Mon, May 14, 2018 - Page 4 News List

FEATURE: Trophy hunters risk lives to bag a claim to Everest

MONEY, BUT NO SENSE:There are more amateurs who want to make the trek, and more operators willing to take them, even some without experience


Expedition tents are dotted around Everest Base Camp in Nepal on April 23.

Photo: AFP

Mount Everest is the ultimate mountaineering “trophy,” but the rising number of inexperienced climbers attempting to tackle the summit are running huge risks to reach the top of the world.

An Indian airline pilot, a builder from Ohio and a former online media sales executive are all waiting at base camp for a chance to scale the 8,848m mountain this climbing season.

They haul themselves up the same ropes to the top and face the same dangers of frostbite, avalanche and exhaustion — and yet they pay vastly different amounts for the privilege.

Cheaper fees means far more people can attempt a lifelong dream of conquering the world’s highest peak, but there are grim predictions that an increasing number will never make it home.

Critics warn that bargain operators — who have slashed the price of an Everest ticket to as low as US$20,000 — accept even the most inexperienced climbers. Meanwhile, more expensive rivals, who charge around US$70,000, have smaller teams and require proven climbing ability from clients.

“It’s a huge goal and a dream of mine to stand on top of the world,” said Matt Brennan, who runs a construction company in the US, and paid US-based Alpine Ascents US$65,000 to try his first 8,000m climb.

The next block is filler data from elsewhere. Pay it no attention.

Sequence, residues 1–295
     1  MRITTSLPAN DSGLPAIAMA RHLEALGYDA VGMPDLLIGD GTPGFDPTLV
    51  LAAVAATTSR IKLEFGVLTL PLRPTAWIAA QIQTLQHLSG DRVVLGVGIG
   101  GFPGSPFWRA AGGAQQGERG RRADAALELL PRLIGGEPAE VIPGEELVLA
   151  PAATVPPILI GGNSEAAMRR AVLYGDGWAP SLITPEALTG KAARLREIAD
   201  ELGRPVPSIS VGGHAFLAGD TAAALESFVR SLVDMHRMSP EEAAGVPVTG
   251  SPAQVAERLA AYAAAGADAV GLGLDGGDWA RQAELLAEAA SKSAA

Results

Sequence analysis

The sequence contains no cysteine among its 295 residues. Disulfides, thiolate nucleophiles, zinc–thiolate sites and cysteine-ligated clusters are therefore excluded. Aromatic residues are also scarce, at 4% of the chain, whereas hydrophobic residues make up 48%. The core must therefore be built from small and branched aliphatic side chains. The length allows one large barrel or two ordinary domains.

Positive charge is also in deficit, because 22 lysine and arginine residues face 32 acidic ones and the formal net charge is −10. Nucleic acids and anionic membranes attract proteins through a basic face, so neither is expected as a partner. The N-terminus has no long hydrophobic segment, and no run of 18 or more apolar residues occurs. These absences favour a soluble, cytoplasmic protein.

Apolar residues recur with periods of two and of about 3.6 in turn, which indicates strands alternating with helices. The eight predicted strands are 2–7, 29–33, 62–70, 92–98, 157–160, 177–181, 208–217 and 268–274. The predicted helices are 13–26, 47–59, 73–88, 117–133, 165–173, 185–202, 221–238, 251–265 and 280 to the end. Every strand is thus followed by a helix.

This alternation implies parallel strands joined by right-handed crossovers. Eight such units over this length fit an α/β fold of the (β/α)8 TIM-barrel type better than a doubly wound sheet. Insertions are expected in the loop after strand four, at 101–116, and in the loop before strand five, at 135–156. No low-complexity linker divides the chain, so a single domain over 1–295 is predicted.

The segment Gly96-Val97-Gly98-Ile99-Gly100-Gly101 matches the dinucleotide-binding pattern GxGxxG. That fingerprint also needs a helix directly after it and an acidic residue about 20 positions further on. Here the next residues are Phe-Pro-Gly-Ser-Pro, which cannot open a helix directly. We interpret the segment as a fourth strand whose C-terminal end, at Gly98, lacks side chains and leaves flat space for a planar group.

“I always wanted to climb the big ones and I felt that if I’m going to do it now is the time,” said the 57-year-old, who set his sights on Everest two years ago after tackling North America’s highest mountain, Denali, at 6,194m.

In the 1980s the Nepal government only allowed one team per route on Everest, which meant only a handful of experienced climbers with national teams or those with major sponsorship deals could get a foothold.

Since the limit was scrapped in the 1990s operators have crowded the slopes for a slice of the lucrative industry.

This year there are 346 paying climbers on the south side in Nepal — just shy of the record 373 permits granted last year — and another 180 climbing from Tibet. Last year six people died.

Guy Cotter, who has been guiding on Everest for 27 years, said that many new climbers lack experience.

“Nowadays people can go on the Internet and buy the cheapest expedition onto the mountain, but there is no criteria for experience with some of these operators,” the owner of New Zealand-based Adventure Consultants said. “They are not mountaineers. They are just people who want to claim the prize of climbing Mount Everest. They are hunting for that trophy.”

Tenzing Norgay, the first man to summit Everest together with New Zealander Edmund Hillary in 1953, only reached the top on his seventh attempt.

Today amateur climbers expect to do it on their first try, prompting many to take higher risks blinded by “summit fever” and lulled into a false sense of security by the thousands who have succeeded before.

“Someone else has done this before me, so why can’t I do it?” said 33-year-old Briton Daniel Horne, who used to work in online media.

Horne paid US$70,000 to climb Everest — his second 8,000m mountain — and said it would take years to find the money and time to make another attempt if he fails.

“Unless they tell me to turn around, I’m going to keep going,” Horne said.

Concerns about paying clients have haunted Everest since the dawn of commercial expeditions.

Many predicted a turning point after 1996 when eight people died descending from Everest’s summit, among them those with limited experience at extreme altitude.

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